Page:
Of all the great powers in today's world, the U.S. has fared the worst in managing the COVID-19 pandemic. President Donald Trump has not only failed to adopt a scientific approach to deal with the crisis at home but also proved to be inept in orchestrating an effective global response. Lacking has been credible American global leadership since the crisis broke out in January 2020.
Adding insult to injury has been the current administration's abject failure to adopt effective economic measures to help alleviate the burden on the public and unify the country around the noble purpose of eradicating racism and other sorts of discrimination, following the inhumane killing of George Floyd by a white policeman in Minneapolis.
Based on the four-year performance of the current administration, these latest examples of misgovernance and malfunction carry the risk of further eroding the legitimacy and credibility of so-called American exceptionalism around the globe.
Unlike many other countries, particularly compared to Russia, China and the European powers, the U.S. came into being as an experiment in nation-building, underlining the importance of secular, cosmopolitan, universal and multicultural values, uniting a diverse people around the political project of American nationalism.
Being part of the American nation has long been considered as subscribing to the core tenets of the American creed, which has been in abject contradiction with examples of ethnic, religious and racists nationalism in other societies. Americans have thought of themselves so unique that promoting universal American values to other parts of the globe has long shaped American foreign policy practices. Americans have thought of themselves as an exceptional nation that has a God-given mandate to civilize and transform other societies in the image of American values.
The four-year Trump presidency seems to have dented that image severely by contributing to the erosion of American soft power. We knew that Trump was a nativist politician, disparaging and belittling American exceptionalism. He said many times that it was not the U.S.'s business to teach others how to rule themselves and with him in power, the U.S. would no longer engage in nation-building exercises abroad.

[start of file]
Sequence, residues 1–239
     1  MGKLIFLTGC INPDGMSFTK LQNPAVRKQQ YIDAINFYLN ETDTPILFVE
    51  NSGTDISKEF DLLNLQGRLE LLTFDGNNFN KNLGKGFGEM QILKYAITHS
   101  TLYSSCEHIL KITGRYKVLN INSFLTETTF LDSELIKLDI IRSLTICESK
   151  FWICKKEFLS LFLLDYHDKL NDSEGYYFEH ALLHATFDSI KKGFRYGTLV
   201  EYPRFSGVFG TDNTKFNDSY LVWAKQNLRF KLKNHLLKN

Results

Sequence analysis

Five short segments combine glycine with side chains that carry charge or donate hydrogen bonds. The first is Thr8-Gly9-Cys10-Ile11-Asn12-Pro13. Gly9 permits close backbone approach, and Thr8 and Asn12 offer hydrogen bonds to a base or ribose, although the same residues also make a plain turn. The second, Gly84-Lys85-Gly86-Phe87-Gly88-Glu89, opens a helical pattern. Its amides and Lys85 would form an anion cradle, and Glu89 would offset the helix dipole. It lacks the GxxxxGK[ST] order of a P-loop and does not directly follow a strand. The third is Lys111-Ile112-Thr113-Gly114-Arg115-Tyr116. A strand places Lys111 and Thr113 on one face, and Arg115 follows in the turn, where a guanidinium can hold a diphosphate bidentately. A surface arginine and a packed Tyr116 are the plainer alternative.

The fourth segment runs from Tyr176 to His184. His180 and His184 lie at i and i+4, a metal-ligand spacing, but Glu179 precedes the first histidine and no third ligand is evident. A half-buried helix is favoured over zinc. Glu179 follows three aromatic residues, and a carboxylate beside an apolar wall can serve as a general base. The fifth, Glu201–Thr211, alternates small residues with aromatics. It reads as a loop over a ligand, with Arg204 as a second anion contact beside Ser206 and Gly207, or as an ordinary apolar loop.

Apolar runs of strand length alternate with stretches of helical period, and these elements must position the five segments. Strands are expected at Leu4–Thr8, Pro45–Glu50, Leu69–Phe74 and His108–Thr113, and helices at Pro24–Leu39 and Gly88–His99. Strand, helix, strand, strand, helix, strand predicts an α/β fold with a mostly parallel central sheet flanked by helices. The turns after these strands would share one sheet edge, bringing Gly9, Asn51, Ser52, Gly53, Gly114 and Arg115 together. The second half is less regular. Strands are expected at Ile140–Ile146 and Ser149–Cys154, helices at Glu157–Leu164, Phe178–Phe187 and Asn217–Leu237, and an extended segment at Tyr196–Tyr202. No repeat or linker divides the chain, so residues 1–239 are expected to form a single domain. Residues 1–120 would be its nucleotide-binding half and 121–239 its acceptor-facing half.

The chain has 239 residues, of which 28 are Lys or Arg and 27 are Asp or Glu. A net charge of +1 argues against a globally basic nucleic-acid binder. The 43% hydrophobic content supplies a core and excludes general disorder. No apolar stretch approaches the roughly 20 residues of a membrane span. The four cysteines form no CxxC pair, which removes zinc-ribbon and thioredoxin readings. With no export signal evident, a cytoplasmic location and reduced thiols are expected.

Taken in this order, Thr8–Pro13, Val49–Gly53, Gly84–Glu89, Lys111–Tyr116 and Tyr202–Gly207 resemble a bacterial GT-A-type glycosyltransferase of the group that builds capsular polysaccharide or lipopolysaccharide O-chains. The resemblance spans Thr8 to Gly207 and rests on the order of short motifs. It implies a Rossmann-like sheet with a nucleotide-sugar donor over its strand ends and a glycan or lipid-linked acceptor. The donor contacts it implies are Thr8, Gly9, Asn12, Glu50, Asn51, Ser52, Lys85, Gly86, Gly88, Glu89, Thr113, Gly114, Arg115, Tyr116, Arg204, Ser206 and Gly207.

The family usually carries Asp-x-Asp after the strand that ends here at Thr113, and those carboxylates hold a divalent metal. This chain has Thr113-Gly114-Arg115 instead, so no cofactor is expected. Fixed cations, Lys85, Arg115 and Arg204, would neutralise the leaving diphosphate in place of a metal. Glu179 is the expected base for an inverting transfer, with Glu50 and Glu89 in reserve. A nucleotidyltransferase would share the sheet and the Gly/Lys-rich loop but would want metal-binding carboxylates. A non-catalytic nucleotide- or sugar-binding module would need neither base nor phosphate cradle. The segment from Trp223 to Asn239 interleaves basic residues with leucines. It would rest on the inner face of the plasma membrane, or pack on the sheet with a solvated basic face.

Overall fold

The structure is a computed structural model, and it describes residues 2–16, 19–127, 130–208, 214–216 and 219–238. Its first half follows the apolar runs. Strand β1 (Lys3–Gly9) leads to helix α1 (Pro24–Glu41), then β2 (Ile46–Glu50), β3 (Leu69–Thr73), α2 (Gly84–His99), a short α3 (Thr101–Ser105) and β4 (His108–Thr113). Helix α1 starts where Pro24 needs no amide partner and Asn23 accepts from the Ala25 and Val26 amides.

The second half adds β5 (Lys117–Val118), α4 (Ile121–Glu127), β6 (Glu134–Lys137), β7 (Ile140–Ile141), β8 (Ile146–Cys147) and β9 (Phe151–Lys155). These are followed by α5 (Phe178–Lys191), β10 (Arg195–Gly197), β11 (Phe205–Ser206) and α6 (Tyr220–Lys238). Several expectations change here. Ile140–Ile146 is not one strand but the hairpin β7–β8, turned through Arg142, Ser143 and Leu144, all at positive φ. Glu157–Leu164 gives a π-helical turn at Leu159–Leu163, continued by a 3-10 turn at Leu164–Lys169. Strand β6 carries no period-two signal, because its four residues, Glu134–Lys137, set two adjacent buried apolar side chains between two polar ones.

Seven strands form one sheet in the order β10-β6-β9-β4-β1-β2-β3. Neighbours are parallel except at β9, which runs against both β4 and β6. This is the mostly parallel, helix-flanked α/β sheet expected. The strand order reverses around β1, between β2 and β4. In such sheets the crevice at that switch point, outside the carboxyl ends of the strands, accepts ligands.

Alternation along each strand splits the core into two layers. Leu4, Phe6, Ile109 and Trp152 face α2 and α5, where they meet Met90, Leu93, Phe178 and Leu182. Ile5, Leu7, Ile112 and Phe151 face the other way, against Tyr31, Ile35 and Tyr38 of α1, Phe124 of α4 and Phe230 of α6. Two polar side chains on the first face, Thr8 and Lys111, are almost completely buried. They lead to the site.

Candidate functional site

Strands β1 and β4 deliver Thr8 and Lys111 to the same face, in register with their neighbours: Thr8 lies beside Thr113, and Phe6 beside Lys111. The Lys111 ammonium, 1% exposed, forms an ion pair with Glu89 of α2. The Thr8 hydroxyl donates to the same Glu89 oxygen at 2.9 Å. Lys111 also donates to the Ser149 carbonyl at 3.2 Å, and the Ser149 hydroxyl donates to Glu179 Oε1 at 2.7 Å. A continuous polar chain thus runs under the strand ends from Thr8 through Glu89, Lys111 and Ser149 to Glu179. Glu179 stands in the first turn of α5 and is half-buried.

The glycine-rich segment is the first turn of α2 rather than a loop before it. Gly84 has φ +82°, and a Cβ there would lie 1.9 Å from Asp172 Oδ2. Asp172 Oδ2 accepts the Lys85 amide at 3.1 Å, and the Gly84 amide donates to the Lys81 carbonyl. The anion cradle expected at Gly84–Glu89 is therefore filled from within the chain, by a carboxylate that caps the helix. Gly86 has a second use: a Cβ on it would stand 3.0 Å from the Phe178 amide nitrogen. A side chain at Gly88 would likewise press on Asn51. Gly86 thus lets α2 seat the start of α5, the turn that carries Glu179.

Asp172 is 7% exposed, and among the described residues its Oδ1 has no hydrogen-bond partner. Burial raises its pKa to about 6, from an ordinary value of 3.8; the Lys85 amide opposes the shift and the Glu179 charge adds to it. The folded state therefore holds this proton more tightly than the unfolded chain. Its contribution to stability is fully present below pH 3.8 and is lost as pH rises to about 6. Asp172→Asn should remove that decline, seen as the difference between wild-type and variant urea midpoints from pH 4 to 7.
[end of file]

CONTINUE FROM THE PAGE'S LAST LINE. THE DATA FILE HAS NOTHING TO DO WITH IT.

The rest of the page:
For Trump, the U.S. is like many other countries that would do well to define its national identity based on solid ethnic, racial and linguistic background, in this case, the White Anglo-Saxon Protestant (WASP) identity.
Despite Trump's beliefs and erratic style of governing, many outsiders have continued to believe that Trump's presidency is an aberration and that other societies, particularly Russian and Chinese, are not on par with the American society as a source of inspiration for others. Unlike China and Russia, the U.S. is a country that attracts immigrants from across the world. Despite the historical legacy of racism and well-entrenched practices of discrimination, the number of people who want to settle in the U.S. and pursue university education there far exceeds the number of people who dream a much better life in other countries.
Maybe that has come to an end. Various countries have taken to the streets to protest the murder of George Floyd and voice their support for the Black Lives Matter movement. Criticisms leveled against the lack of American leadership during the global pandemic have mounted. This matters because, in the emerging Cold War-like geopolitical competition between the U.S. and China, soft power appears to be as much important as hard power. It should be a worrying sign for the American leadership to notice that many protests against American racism have occurred in traditional American allies in Europe and other continents that continue to believe in liberal democracy and that the U.S. should be committed to the liberal international order. It is for certain that any further erosion in American soft power will help create a suitable environment for China to assert its regional dominance in East and Southeast Asia and potentially global hegemony in the years to come. It cannot be a coincidence that Chinese bullying tactics have recently become more evident than ever as the U.S. has now been facing dire challenges at home and abroad and going through a soul-searching process amid an election season. The idea of American exceptionalism has long been the most important ammunition in America's struggle against existential threats as well as its ability to secure the cooperation of like-minded states. The sooner the Americans realize this once again, the better.
* Professor at the Department of Political Science and International Relations at Antalya Bilim University